CHAPTER 1: Call Me Prophet
“Freedom is sacred,” my father used to tell me, “but it never comes free.”
I didn’t fully understand the words until he paid the ultimate price for my freedom with his own life. I lost my family and friends the day another piece of America was absorbed into the New World Order. Two thousand thirteen, the Great Shift and the time before Newmerica was born from the ashes. I wasn’t named Prophet at birth, I earned the name after becoming a soldier. I served in World War III, left in a forgotten place where I went digging for water and found an unusual object; a beautiful, golden amulet. I remember the wasteland like it was yesterday.
The air was painfully thick; fine grit dust swirled above my head in powerful winds. Except for my left arm, I couldn’t move much. I reached across the hot sand, my bloody hand quivering. I tried to wipe my burning eyes but it was too late; I was blind. I stretched my muscles another quarter inch, grappling for whatever I could find, when I cut my wrist on a piece of shrapnel. My fingertips touched the cushioned radio antennae, my life-line. I pulled gently at first, then harder until its speaker rested against my mouth. I licked my salty, cracked lips and held the button down.
“Dragon Core,” I coughed up burnt granules, “this is Prophet. Do you read me? Over.”
I barely talked above a whisper. It would take a miracle to hear me in this storm. The radio crackled before my team broke through. I lifted my ear.
“Dragon Core… it’s Prophet, I repeat, this is Papa1. Relay my position, over.” I dropped my head and tried to breathe. I waited but my team didn’t respond. I blacked out.
I woke to a dark sky, alone and in the same, God forsaken place; my body buried in sand with a over glorified walkie-talkie for a pillow. The hard box didn’t bring me comfort but it kept my head elevated; I lived to see another sunrise.
The storm dissipated. The bombs had moved on; their signatures lingered in the vomit green sky like a floating mushroom farm. Those damn things looked tasty. I rolled to my side and felt a bone snap. I was too hungry to care which one. I searched my pockets for food and found bug infested granola. I cringed but ate them all; licking my fingers clean before the crawling protein could escape.
I was a soldier with the Special Ops unit, survival was what we did best. I was no exception. I would be found. In what manner, dead or alive, was up to me. The granola would seal my doom… I needed water.
My entrenching tool was in my pack a few broken legs away. I used my arms to drag myself, folded arm over folded arm. I yanked the shovel from my ruck sack. I don’t know what possessed me to move any more than what I had already, but I guess I relished in torturing myself further until I was satisfied with the perfect digging spot.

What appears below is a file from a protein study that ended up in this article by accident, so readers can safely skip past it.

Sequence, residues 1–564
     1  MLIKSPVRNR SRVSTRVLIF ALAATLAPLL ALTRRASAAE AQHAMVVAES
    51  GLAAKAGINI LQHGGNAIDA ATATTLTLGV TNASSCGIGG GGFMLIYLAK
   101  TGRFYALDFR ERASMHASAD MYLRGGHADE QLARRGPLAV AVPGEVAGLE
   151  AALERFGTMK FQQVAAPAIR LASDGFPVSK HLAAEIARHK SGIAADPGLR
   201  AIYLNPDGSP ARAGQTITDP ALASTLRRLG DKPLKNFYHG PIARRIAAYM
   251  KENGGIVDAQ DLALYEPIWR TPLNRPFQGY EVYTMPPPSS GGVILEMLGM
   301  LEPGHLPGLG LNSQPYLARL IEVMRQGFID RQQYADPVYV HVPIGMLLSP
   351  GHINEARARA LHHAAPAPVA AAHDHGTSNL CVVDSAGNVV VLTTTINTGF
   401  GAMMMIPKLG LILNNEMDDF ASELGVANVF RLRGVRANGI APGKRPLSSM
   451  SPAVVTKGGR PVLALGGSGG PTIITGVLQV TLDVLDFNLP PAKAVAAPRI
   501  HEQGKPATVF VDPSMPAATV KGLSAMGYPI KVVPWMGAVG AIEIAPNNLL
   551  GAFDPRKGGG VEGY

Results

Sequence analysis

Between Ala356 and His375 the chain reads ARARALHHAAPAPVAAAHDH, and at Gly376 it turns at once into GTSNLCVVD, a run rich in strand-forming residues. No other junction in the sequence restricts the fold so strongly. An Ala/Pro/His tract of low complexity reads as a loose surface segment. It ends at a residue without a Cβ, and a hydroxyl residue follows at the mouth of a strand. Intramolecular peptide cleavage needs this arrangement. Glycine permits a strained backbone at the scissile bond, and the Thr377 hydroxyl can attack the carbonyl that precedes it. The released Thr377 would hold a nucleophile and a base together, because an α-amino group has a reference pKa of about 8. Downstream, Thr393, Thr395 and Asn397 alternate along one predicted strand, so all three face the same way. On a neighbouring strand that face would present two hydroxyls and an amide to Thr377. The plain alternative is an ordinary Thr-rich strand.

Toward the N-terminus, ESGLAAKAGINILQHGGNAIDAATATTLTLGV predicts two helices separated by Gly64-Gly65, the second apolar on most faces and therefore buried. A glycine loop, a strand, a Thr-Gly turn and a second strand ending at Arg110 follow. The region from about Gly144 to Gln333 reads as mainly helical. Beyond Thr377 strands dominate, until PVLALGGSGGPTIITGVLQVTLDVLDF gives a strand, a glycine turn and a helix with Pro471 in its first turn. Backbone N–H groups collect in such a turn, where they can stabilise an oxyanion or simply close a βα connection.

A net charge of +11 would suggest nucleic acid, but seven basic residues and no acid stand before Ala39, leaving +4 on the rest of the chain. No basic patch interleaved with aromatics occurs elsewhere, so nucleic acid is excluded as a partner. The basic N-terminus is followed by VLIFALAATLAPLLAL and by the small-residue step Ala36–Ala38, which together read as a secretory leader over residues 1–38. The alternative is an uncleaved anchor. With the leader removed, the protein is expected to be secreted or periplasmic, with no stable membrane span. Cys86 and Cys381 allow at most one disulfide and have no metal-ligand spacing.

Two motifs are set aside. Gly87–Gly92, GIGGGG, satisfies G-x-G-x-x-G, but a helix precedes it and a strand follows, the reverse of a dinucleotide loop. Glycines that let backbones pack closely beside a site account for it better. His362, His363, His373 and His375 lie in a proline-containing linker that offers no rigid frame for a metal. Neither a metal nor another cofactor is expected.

I don’t remember how many suns came up to burn my face or went down to chill my bones, but several more mushrooms sprouted by the time I finally struck water. My hands were raw and blistered. I found my trusty pen stuck in my boot and took it apart. Everything I needed, the barrel and round screen at the end, was all there in this genius design.
I put the makeshift filtering straw into the hole and thought back to when I was a kid, drinking old fashioned Root Beer Floats in my grandfather’s illegal, watershed distillery. His were the best, and the only place in town, in the state for that matter, where you could still get a soda. The desperate townsfolk would have turned Gramps in, but not us kids. We kept secrets and my grandfather was good at giving us our due rewards. Father knew the dangers but he was an American, through and through. He passed the torch of courage, the family badge of honor, on to me. I promised to wear it proudly just as our family always had.
I never broke my promise. I never will.
I still remember the glimmer coming off the amulet’s amazingly unmarred metallic cage. It seemed the hardened soil wasn’t ready to release its pretty prisoner, but the artifact wanted to be found, and I was the one it had been waiting for. I became its Keeper. Like my father before me, and his father before him, I was destined to keep the artifact’s secrets hidden, protected until the proper moment. The chain it hung from wasn’t heavy but the burden of responsibility was far greater than I had ever imagined it would become. None of my visions prepared me for this.
I put it around my neck and tucked the amulet beneath my uniform. Within minutes my luck changed as my radio sparked to life. “Papa1, this is Dragon Core. Do you copy? Papa1, this is Dragon Core. Come in, Prophet… where are you buddy?”
I was exhausted. My arms failed to drag my body anywhere. I barely turned myself around when the transmission failed and static returned, but it didn’t matter.
Somewhere in the distance I heard chopper blades whirring. It was them, I knew it, Dragon Core had found me and locked into my coordinates. I was finally going home.
“You’re already home, Prophet. It’s time you wake up and remember.”
“Who’s there?” I reached for a weapon that was no longer at my side. I turned my head but I was still alone. The chopper was off in the distance but it sounded so close.
“Sir Kay, you need to remember. Wake up!”
I sat up, perspiration pouring down my face, my hand clasped around a poor ferret’s neck. I heard the whirring of chopper blades outside. I was in a Monastery.
Suddenly, it all came back to me. “Wait!” I jumped to my feet but I fell to the hard tile floor. “Oh God, please…” My legs were weak. “No, don’t leave! You can’t!” I called for help but no one came. “Come back!”